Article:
Assessment of LV diastolic function – mitral inflow shows a restrictive inflow pattern. LV systolic function is normal with a LV ejection fraction of 65%.
Particularly is the structure of interventricular septum (Figure 5). In long axis plane, we observed 2 thickening trabeculae 4mm-5mm inserting into LV free wall at apex and into the interventricular septum. The trabeculaes are parallel with interventricular septum and can be “part” of interventricular septum. IVS measured 17mm without trabeculae.
Following the clinical profile, electrocardiography and transthoracic echocardiography data and cardiovascular risk factors, coronary angiography was performed. Epicardial coronary arteries were normal. Left ventricular catheterization and angiography revealed VS/Ao pressure gradient of 96 mmHg, mitral regurgitation grade III, left ventricle ejection fraction of 70% and telediastolic LV pressure of 30 mmHg.
Structural intrinsic and functional mitral valve or subvalvular abnormalities have been reported in left ventricular outflow tract obstruction in hypertrophic cardiomyopathy. The most frequent is an anomalous papillary muscle insertion directly into the anterior mitral leaflet, an entity that has been well documented by Klues et al. in 1991. Of 78 mitral valve specimens from patients with hypertrophic obstructive cardiomyopathy, 10 were identified as having direct insertion of one or both left ventricular papillary muscles into the anterior mitral leaflet8. Is a congenital malformation, consequence of selective failure of chordal development at about 12 weeks gestation. Normally, at this stage, the papillary muscles are contiguous with the mitral leaflets. The cephalad portions of the papillary muscles are first transformed into a thick muscular chordae, which finally become fibrous chordae positioned between the mitral leaflets and the papillary muscles. The arrest in normal embryological development is not pathognomonic of obstructive hypertrophic cardiomyopathy8.
Other anomalies of mitral subvalvular apparatus include abnormal chordae tendineae that attach to the ventricular septum or left ventricular free wall and accessory papillary musclese, all which may tether the mitral leaflets toward the septum and produce LVOT obstruction9.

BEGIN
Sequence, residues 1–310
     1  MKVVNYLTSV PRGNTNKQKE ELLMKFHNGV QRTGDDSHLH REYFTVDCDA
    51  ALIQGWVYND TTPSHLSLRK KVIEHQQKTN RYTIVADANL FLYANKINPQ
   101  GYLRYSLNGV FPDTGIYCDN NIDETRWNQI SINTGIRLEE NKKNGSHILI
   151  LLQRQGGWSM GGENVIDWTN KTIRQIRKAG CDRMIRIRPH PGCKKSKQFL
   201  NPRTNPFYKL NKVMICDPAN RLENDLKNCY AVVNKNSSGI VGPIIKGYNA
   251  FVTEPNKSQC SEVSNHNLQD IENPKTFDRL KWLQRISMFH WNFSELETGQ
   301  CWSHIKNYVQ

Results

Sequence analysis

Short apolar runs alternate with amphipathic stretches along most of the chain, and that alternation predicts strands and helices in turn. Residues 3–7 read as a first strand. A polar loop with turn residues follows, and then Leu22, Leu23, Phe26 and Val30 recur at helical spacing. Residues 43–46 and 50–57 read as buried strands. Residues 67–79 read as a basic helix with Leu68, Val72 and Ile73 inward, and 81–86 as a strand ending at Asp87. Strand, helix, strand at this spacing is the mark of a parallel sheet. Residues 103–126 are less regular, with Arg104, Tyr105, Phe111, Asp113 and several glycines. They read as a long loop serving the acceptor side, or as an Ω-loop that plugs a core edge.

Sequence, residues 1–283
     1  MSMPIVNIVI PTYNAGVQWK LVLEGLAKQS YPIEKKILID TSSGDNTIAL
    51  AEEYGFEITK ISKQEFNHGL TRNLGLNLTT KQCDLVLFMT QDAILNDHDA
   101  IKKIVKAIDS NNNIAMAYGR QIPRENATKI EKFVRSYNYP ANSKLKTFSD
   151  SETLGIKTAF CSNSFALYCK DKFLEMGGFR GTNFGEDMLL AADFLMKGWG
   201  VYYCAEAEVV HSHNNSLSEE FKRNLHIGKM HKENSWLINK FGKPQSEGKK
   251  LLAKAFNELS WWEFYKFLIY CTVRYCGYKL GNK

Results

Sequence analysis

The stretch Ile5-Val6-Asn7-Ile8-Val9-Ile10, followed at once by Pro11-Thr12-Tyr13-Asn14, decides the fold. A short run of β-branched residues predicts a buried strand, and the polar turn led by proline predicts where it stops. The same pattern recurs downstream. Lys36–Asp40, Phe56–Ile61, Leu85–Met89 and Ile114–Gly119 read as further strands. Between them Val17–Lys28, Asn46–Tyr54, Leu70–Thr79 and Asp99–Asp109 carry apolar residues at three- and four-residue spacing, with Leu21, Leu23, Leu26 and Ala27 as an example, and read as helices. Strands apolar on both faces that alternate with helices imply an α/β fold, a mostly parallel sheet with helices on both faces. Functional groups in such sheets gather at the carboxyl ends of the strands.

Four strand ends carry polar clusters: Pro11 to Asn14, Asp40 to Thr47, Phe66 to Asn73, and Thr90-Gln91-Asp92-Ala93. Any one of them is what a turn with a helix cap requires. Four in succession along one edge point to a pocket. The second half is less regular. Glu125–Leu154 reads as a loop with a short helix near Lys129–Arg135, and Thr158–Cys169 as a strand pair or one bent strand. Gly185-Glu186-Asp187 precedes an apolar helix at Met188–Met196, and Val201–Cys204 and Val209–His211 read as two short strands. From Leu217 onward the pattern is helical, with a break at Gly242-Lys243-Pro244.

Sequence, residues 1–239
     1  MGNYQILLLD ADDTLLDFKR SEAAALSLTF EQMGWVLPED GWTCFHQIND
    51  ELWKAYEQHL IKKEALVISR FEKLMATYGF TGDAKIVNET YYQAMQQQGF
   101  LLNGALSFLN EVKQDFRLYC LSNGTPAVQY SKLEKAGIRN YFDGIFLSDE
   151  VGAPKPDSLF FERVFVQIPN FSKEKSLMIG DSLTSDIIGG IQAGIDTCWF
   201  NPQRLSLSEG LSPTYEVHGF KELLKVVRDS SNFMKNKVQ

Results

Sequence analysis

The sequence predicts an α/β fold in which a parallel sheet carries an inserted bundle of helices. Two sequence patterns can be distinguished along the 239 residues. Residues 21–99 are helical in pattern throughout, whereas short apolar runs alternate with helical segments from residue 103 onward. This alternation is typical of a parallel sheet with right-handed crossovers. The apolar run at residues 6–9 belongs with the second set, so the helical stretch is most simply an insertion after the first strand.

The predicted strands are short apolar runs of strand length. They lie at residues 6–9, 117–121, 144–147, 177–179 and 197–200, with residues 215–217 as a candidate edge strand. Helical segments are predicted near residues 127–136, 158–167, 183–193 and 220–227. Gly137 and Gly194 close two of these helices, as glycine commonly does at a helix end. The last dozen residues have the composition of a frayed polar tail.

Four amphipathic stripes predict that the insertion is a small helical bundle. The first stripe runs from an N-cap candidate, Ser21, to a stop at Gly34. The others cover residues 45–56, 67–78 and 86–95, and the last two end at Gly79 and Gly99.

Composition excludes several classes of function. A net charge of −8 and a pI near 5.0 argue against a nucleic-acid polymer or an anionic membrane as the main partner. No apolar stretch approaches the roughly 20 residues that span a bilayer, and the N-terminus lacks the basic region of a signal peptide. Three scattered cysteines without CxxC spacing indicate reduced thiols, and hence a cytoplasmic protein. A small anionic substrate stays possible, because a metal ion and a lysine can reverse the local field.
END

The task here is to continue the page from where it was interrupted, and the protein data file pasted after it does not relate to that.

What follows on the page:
The choice of optime procedure must be individualizad based on age, comorbidities, suitability of coronary anatomy, intrinsec mitral valve disease, patient preferente and operator experience4.
The conventional septal myectomy (Marrow procedure) is not the optimal procedure.
After the classic septal myectomy, the patients with HOCM and anomalies of the mitral subvalvular apparatus can lead to intraoperative death, incomplete or only temporary relief of LVOT obstruction, persistent of SAM and mitral regurgitation3,8.
Additional procedures are represented by: anterior mitral leaflet excision or plicating, “false chordae” excision and papillary muscle realignment2,6,10.
Rankin J at al. described o new surgical concept: septal myectomy, excision of papillary muscle incriminated in LVOT obstruction, chordae excision and mitral ring anuloplasty; the mitral valve was repaired by connecting the left aspect of the leaflets to the posterior papillary muscle, using Gore-Tex artificial chords11.
Mitral valve replacement is possible in mitral regurgitation associated with chordae rupture, mitral valve prolapse, mitral ring dilatation or in valvular morphological disease like restrictioned, thickened, calcifications or myxomatous valve9,12.
In conclusion, we reported a patient with obstructive hypertrophic cardiomyopathy (LVOT peak gradient of 138 mmHg on transthoracic echocardiography and 96 mmHg on left ventricular catheterization) and severe mitral regurgitation of III-IV grade. A spectrum of mitral leaflet abnormalities and systolic displacement of mitral anterior leaflet and subvalvular apparatus have been related to the mechanism of mitral regurgitation.
The patient is at increased risk for sudden death (SCD). We have identified 2 risk factors for SCD: LV septal hypertrophy and family history of sudden death. Three members of family (the daughter and 2 nephew) were evaluated or screened with ecg and ecocardiography, which were normal. In our case report, percutaneous alcohol septal ablation, method we perform currently in our institute, is constrained by mitral valve abnormalities1. The myectomy has the advantage of direct visualization of complex LV outflow tract anatomy and recognition of all structural abnormalities that contribuite to mechanical subaortic obstruction.
European Society of Cardiology and American College of Cardiology12 recommend surgical septal myectomy as the gold standard treatment for most drug-refractory and severely symptomatic HOCM patients. However, in Europe after the introduction of alcohol septal ablation 15-20 years ago, septal myectomy has essentially disappeared, alcohol septal ablation being promoted as a superior and easier treatment strategy for decrease or abolition of the LVOT obstruction1,2,4.
Surgical myectomy is performed in only 5 European centres (3 in Italy)6.
Recent the Italian – Bergamo Center published a report about 124 patients with obstructive HCM and heart failure symptoms who underwent myectomy. The LV outflow gradient decreased from 95 ± 36 mmHg before surgery to 12 ± 6 mmHg post surgery. Periprocedural mortality was 0.8% (1 patient) and 0.8%, 3.3% at 1 and 5 years respectively5. The study of Iacovoni et al. has important implications for the management of obstructive HCM in Europe and should be a stimulus for other institutions elsewhere in Europe to initiate HCM programmes13.
Conflict of interests: The authors declare that no conflict of interest exists.